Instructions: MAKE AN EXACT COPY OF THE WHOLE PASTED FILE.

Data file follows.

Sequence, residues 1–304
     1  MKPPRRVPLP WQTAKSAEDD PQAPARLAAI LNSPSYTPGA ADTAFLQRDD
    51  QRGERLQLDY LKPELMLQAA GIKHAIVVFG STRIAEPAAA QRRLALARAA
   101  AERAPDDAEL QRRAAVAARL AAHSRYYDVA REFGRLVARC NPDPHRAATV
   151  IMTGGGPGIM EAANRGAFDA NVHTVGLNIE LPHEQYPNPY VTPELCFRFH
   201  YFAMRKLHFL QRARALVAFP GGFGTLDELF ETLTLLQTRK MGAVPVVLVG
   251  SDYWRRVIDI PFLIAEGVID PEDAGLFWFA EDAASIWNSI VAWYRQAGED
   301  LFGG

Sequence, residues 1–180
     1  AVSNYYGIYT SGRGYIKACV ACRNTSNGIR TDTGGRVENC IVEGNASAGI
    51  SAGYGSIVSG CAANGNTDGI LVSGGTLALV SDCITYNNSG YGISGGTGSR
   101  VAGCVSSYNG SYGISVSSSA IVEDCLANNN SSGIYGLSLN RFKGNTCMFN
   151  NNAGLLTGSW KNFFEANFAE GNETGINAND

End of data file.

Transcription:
Sequence, residues 1–304
     1  MKPPRRVPLP WQTAKSAEDD PQAPARLAAI LNSPSYTPGA ADTAFLQRDD
    51  QRGERLQLDY LKPELMLQAA GIKHAIVVFG STRIAEPAAA QRRLALARAA
   101  AERAPDDAEL QRRAAVAARL AAHSRYYDVA REFGRLVARC NPDPHRAATV
   151  IMTGGGPGIM EAANRGAFDA NVHTVGLNIE LPHEQYPNPY VTPELCFRFH
   201  YFAMRKLHFL QRARALVAFP GGFGTLDELF ETLTLLQTRK MGAVPVVLVG
   251  SDYWRRVIDI PFLIAEGVID PEDAGLFWFA EDAASIWNSI VAWYRQAGED
   301  LFGG

Sequence, residues 1–180
     1  AVSNYYGIYT SGRGYIKACV ACRNTSNGIR TDTGGRVENC IVEGNASAGI
    51  SAGYGSIVSG CAANGNTDGI LVSGGTLALV SDCITYNNSG YGISGGTGSR
   101  VAGCVSSYNG SYGISVSSSA IVEDCLANNN SSGIYGLSLN RFKGNTCMFN
   151  NNAGLLTGSW KNFFEANFAE GNETGINAND